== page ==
Monday, March 12, 2012

The Unraveling of John Shick: The Western Psychiatric Shooting Spree

     When writing Crimson Stain, my nonfiction book about a schizophrenic Amish man named Edward Gingerich who brutally beat his wife to death in 1993, I thought a lot about the relationship between serious mental illness and violence. (Gingerich hanged himself in January 2011.) At any given time, about half of the one million schizophrenics in the country are off their medications. Roughly one percent account for 1,000 or so criminal homicides a year. In 2011, of the nearly 1,200 people shot by the police, at least 30 percent of them were mentally ill. The so-called "suicide-by-cop" scenario has become a common type of police involved shooting situation. Mental illness is not only a major heath concern in this country, it has become a serious social problem. Sixty years ago, hopelessly mentally ill people were institutionalized, today they are on the street walking among us. Most are not violent, but many are, and there is no way to identify the dangerous ones before they strike. In that sense, we are all sitting ducks.

John F. Shick

(The material from the following account is based on reportage in The Pittsburgh Post-Gazette and The Pittsburgh Tribune-Review)

     In 1999, John Shick entered Carleton College where in three years he'd graduate with a degree in chemistry. As part of a 5-year, dual-degree program, he would continue his education at Columbia University where, after two years, he'd graduate with an engineering degree. Carleton College is a prestigious school in Northfield, Minnesota with an enrollment of 2,000. In 2002, having acquired his degree in chemistry, Shick moved to New York City to attend Columbia. A brilliant student, he graduated from Columbia in June 2004 with his engineering degree. He was obviously a bright young man from a family who could afford to send him to good schools.

     In April 2009, while living in Portland, Oregon, Shick began showing signs of mental illness. That year, the 26-year-old went to the trouble of legally changing his name to Willim Hahnpere Scolskan, then several months later, changed it back to John Shick. Police took him into custody on December 28, 2009 near the Portland International Airport following a 911 call regarding a man acting strangely. When Shick kicked an officer, and tried to hit him with his foot-long flashlight, the cop gave Shick a taste of his taser. The police arrested Shick for assault, then hauled the combative arrestee to a mental ward for evaluation. A few days later, he was back on the street. (I'm guessing, but I imagine some shrink put him back on his pills then showed him the door.) In January 2010, the assault charges against Shick were dismissed.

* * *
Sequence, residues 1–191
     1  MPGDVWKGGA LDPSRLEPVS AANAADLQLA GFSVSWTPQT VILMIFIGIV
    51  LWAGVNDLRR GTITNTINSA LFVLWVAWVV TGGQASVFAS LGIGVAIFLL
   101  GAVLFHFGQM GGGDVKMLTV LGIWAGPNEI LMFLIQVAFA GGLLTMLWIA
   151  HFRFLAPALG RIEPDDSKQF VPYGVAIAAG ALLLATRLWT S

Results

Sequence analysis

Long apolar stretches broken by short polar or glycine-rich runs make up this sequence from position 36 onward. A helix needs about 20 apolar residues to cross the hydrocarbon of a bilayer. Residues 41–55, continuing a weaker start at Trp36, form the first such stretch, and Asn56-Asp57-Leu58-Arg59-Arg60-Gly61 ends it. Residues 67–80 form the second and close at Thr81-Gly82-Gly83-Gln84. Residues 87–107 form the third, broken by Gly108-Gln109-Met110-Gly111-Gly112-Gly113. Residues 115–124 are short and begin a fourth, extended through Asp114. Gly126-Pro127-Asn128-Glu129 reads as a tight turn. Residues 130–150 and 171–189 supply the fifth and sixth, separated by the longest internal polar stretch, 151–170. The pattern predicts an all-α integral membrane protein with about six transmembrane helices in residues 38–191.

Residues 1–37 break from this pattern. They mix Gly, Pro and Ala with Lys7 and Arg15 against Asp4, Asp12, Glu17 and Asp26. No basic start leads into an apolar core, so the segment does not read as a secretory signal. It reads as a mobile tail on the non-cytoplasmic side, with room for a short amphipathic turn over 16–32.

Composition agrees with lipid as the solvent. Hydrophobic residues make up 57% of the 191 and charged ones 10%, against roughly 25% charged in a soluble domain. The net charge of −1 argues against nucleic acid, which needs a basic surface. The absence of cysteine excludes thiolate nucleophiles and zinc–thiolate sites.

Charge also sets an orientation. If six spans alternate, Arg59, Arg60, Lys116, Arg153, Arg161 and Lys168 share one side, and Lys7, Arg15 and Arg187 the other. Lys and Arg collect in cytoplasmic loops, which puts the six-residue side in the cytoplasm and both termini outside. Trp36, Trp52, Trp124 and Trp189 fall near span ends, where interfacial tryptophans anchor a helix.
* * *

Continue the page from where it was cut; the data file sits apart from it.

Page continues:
Shick moved to Pittsburgh, Pennsylvania in August 2011. He took up residence at the Royal York Apartments in the Oakland section of the city which is home to the University of Pittsburgh, Carnegie Mellon University, and a vast hospital complex. He enrolled at nearby Duquesne University as a graduate student, and teaching assistant. Within weeks of his move to Pittsburgh, administrators at Duquesne began getting complaints about him from several female graduate students. Shick had been bombarding them with emails and text messages in an apparent effort to connect with them socially. The messages weren't threatening or obscene, just excessive, and off-putting.

     In October 2011, Duquesne officials kicked Shick out of the university, and a month later, officially barred him from the campus following a conference with the director of student conduct. (Shick's mother attended the meeting with  him.) He apologized for his behavior.

     At the Royal York Apartments, Shick's fellow residents, although they didn't know him, considered him an oddball. He walked around glassy-eyed, and didn't speak to people he encountered in the hallway or elevator. A handwritten note taped to his apartment door read, "Now cleaning up vomit from pancreatitis. Please do not disturb." Residents who passed by his door detected a chemical odor emanating from his apartment. When walking the streets of Oakland, Shick, wearing a fanny pack and a backpack, and carrying a couple of shopping bags, often looked nervous and confused. When he did make eye-contact with people, they were often angry looks. (I don't think it's a wild guess to assume he suffered from paranoia.)

     On March 7, 2012, in the lobby of his apartment building, Shick asked the apartment manager to call 911 for him. He then vomited on the floor. A short time later, an ambulance arrived to take him to the hospital. A few hours after that, he was back in the building.

The Shootings